Oasis cut “Stand By Me,” from 1997’s “Be Here Now,” is a song with an anthemic, singalong chorus, so it naturally shines in a setting like this. This time, the backing singers fill out the sound without being overbearing, and the strings elevate the performance into a different plane altogether. Gallagher treats die hard fans to a deep cut, “Sad Song,” which appeared as a bonus track on the Japanese version of Oasis’ 1994 legendary debut “Definitely Maybe.” Stranger yet, the original song featured Noel on vocals. As anyone familiar with the two brothers would expect, Liam’s version is less inhibited, more spirited and idiosyncratic. The younger Gallagher stretches out his vowels as always, and it makes for a soaring stadium performance. He builds on momentum with “Cast No Shadow,” another “What’s the Story” number, here revitalized with triumphant orchestration. The original song featured Noel chiming in on certain lines, a role that the backing singers now take up. Their gliding contributions reinvent the chorus with a novel, rather ethereal feel, but elsewhere their decidedly un-Oasis style still gnaws at the sound. 

Gallagher introduces “Once,” from his latest solo album, and comments,“I want to dedicate it to Bonehead, who gets to do MTV Unplugged twice.” Bonehead, of course, is the Oasis guitarist who actually showed up for their first “Unplugged” session, and joins the band here for the Oasis numbers. “Once” is another compelling performance, faithful to the album version, save for a segment in which Gallagher repeats the titular word, now unprocessed, in full Mancunian vernacular, sounding a bit like the Happy Mondays’ Shaun Ryder. “Gone” follows, winding the set down nicely with lyrics like “Before I go, I’ll tell you how I feel.” There’s a section in which the backing singers egg Gallagher on, repeating, “Say It,” and the whole affair becomes a bit of a farce. Luckily, Gallagher’s persona is so ridiculous already that it works. Everything is captured in ideal proportions, from the steady strum of the acoustic guitars to the swelling strings, which here embellish every gesture, and spin the song into something epic.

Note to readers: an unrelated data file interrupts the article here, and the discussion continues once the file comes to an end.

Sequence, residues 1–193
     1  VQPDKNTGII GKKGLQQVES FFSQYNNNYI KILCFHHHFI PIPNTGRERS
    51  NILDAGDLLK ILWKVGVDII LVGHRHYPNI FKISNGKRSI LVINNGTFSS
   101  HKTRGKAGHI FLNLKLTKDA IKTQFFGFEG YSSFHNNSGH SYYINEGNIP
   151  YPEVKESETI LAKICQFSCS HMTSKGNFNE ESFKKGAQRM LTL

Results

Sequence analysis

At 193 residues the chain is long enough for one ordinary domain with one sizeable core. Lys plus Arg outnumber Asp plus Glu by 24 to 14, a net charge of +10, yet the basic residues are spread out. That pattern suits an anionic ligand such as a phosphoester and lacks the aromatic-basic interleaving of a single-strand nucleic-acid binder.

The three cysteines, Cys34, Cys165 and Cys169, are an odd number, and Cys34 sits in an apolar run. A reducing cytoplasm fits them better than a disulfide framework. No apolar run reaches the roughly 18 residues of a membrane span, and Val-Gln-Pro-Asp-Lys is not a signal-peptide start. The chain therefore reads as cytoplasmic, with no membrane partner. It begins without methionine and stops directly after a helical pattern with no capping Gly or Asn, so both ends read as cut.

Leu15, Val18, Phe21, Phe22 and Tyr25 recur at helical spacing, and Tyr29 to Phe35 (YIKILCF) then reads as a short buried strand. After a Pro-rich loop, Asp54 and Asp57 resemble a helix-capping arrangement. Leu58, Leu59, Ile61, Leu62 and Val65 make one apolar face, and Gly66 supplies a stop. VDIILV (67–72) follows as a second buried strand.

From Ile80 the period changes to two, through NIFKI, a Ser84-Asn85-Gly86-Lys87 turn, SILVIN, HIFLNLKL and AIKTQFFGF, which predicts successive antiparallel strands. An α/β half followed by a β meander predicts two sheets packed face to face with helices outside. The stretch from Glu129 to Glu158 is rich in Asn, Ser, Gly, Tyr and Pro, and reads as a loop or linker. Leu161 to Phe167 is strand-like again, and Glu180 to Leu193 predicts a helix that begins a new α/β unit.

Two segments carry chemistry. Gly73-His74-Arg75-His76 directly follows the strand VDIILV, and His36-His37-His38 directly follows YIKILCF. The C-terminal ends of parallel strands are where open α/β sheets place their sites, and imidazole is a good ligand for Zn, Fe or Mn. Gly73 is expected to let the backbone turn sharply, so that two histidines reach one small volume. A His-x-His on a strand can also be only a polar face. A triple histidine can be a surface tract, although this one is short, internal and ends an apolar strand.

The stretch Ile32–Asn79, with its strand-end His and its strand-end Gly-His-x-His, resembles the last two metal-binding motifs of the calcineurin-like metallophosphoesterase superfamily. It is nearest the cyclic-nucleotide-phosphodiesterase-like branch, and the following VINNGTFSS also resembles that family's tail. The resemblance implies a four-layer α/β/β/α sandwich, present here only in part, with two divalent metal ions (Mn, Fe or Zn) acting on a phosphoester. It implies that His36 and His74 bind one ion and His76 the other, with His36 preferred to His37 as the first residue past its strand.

Everything could have been perfect if Gallagher just left it there. But impudent showman that he is, he goes in for the grand finale, and cheapens the entire undertaking with a quite pathetic rendition of “Champagne Supernova.” This song was the pinnacle of Oasis’ ‘90s live show, an epic performance that indulgently stretched the studio version out to nearly ten minutes. As a song defined largely by its excesses, it’s a poor choice for an unplugged performance, let alone the finale of an unplugged concert. The scant, shortened version here is an egregious misstep.    

In a way, the incomprehensibly poor choice to include “Champagne Supernova” is a charming blunder, fitting with the foolhardiness that is Gallagher’s greatest claim to fame. If the set were too prudent and measured, it wouldn’t really seem like a Liam Gallagher work. Spontaneity, proud tackiness, and a bold disregard for anyone’s opinion have characterized Gallagher since day one, and continue to do so on the latest album. Fortunately, save for the overbearing backing vocals and a slightly underwhelming performance on the opener, everything on display is immaculate. Gallagher plays a balanced mix of solo songs and Oasis numbers, with a fair number of hits and a couple surprises. In an intimate but animated crowd, with a tight, spirited ensemble, he proves himself again a performer of the highest rank. Anyone wondering why MTV invited him back after he spurned them need only listen to the album. 

MTV Unplugged (Live at Hull City Hall)” is available June 12 on Apple Music.